or half a century now, the rulers of Iraq have been brutally murdered by their successors. That fate probably awaits Saddam Hussein too, maybe at the hands of someone as ruthless as he is for instance his two sons, though he might be able to kill them first, the way he did with his sons-in-law and grandchildren.
The Iraqi people know and suffer all this. The day they are free from Saddam, in any case, they will demonstrate en masse on the streets, hoping for better days. Until then, we can't know the full horror of what they have gone through, though courageous Iraqi dissidents like Kanan Makiya and Ahmad Chalabi and Khidhir Hamza give us the general picture. I have no doubt that if Iraqis could run their own affairs, they would opt for some form of constitutional politics; perhaps a presidential democracy, perhaps a parliamentary democracy.
For the moment, Iraqis have no say in their future, no way to take control of their destinies. President Bush proposes regime change for them. The question becomes: What then? Hundreds of influential Iraqis in exile are debating that question. A number among them are fit to replace Saddam. The fear is that some strongman, some general, will prove a Saddam clone and take over the secret police and other instruments of dictatorship, and things will go on as before.
So I floated in NR the idea of a restoration of the Hashemite monarchy which revolutionaries brought to an end in 1958 by murdering as many of the family as they could lay their hands on. Another branch of the Hashemite family has done all right in Jordan, in very difficult circumstances. It's a more or less absolute monarchy, to be sure, but I was advocating a constitutional monarchy for Iraq. That's a rare animal, but there are examples of it in Europe and Asia. It has the merit of providing a figurehead who can serve to unite different national religions or ethnic groups. I mentioned Prince Hassan of Jordan as a possible candidate for the job. I have met him in private, read his book about Christians in the Middle East, and heard him speak once or twice in public. He has a sense of humor, and gravity as well. As far as I can judge, he's a decent man who wouldn't prove a killer.
My idea has got up the sensitive nose of Claude Salhani. With rhetorical flourishes, Salhani accuses me of colonialism, and oh what a deadly sin that is. Unforgivable. Why, I must be one of what he calls "a certain group of people" who believe that the West and in particular the United States should interfere in the internal policies of other countries. Let me confess outright to conspiracy, I belong to a one-man group with the belief that it is absolutely wrong for a ruler to be killing his own people. If it is colonialism to stop such a ruler, then I am all for it.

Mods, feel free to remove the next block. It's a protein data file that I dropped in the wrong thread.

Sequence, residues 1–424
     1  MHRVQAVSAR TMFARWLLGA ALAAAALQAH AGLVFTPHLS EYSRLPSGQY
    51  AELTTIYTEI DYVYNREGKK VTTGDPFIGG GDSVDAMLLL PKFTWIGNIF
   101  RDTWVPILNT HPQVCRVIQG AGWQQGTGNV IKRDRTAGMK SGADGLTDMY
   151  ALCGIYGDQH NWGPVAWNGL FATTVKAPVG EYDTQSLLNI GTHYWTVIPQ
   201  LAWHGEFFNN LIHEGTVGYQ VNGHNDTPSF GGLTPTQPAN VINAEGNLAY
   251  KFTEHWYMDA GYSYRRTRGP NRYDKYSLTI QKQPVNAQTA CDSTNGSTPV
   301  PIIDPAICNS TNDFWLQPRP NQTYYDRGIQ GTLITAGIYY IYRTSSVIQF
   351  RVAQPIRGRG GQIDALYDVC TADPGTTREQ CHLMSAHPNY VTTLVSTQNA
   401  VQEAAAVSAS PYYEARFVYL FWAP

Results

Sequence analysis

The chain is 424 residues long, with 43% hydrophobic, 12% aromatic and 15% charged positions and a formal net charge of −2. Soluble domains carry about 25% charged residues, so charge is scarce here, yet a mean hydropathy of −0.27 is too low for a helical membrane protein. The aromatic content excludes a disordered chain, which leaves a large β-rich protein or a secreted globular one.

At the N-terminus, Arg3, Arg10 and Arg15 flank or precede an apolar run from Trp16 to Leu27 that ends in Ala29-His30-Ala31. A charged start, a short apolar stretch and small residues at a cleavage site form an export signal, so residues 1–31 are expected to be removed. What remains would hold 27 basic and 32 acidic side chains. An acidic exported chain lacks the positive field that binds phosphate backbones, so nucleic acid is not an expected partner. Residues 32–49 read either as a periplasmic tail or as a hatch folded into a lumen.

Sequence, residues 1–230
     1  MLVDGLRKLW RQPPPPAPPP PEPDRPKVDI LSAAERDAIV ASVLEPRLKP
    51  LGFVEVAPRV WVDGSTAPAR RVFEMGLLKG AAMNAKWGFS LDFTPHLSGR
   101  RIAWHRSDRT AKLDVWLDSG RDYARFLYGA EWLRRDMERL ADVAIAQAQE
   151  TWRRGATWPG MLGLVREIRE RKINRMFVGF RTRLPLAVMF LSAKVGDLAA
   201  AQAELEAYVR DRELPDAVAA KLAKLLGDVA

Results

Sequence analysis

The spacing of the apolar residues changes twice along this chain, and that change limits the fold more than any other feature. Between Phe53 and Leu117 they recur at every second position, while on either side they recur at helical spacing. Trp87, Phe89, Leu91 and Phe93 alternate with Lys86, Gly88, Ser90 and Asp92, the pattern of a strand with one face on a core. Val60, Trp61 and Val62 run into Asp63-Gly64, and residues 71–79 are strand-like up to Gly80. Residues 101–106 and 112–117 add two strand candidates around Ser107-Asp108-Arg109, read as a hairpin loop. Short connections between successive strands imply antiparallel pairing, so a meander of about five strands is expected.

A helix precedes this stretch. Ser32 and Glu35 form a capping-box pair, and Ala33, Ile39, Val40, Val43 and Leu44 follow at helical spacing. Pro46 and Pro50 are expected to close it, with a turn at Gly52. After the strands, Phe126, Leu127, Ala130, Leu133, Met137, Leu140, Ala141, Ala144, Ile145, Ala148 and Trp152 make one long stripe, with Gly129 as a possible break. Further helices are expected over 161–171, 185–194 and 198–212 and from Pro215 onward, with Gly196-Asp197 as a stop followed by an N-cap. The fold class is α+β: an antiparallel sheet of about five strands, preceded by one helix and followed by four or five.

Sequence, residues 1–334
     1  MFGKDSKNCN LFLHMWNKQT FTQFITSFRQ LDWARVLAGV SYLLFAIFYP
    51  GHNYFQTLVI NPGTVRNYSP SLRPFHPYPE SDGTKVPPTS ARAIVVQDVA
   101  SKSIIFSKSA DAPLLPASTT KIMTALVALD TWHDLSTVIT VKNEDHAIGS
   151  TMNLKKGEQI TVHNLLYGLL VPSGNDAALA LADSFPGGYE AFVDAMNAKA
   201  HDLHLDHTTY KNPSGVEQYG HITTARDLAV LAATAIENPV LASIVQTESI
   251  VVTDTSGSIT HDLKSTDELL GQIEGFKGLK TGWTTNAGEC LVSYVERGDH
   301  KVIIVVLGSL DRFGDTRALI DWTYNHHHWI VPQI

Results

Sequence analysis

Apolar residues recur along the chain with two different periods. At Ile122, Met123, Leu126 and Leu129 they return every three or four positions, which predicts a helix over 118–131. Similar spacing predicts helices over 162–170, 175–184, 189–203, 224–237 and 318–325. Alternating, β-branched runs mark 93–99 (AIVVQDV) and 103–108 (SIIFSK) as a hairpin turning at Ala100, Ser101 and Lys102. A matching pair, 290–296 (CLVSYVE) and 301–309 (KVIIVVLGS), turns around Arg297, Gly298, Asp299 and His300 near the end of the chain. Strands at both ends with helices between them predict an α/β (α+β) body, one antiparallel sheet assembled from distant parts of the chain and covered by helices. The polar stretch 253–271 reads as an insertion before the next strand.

"Colonialism is dead" says Salhani in the tone of someone holding an ace. That's news. Try telling it to the Tibetans who live under Chinese colonialism. Try telling it to the Lebanese who live under Syrian colonialism. Try telling it to the Afghans who were colonized by Osama bin Laden and the Taliban. Try telling it to the Bosnians and the Kosovars who were colonized by the Serbs. We can debate the ills and the benefits of these various enterprises, but to adapt a song of Noel Coward's, Everyone's doing it.
The world is a good deal more complicated than Salhani thinks. He's trapped in the mindset of the Fifties which held Western powers to be bad because they were guilty of colonialism, and emerging nationalist rulers to be good because they defined themselves as victims. But colonialism, like the tango, requires two parties. The colonizer succeeds only because the colonized are in a state of political or social collapse, unable to rule themselves. It was always so, and always will be. In a recent example, the winners of the civil war in Sierra Leone have just invited the British back to rule them because among themselves they can only fight.
Western colonizers tried to put democratic systems in place. They didn't do it too well, but a great deal better than the nationalist rulers who succeeded them and then spent the Fifties and Sixties closing down parliaments and law courts and building up secret police. That's why we have Islamists in some countries, and ugly thugs in others. If the people in those unhappy countries can't help themselves to be free, then outsiders have to help them, which may mean expedients as unlikely or imperfect as a Hashemite restoration. Unlike Salhani, I want for others the freedoms I enjoy for myself.
David Pryce-Jones is an NR senior editor whose books include The Closed Circle: An Interpretation of the Arabs, available in a new edition from Ivan R. Dee.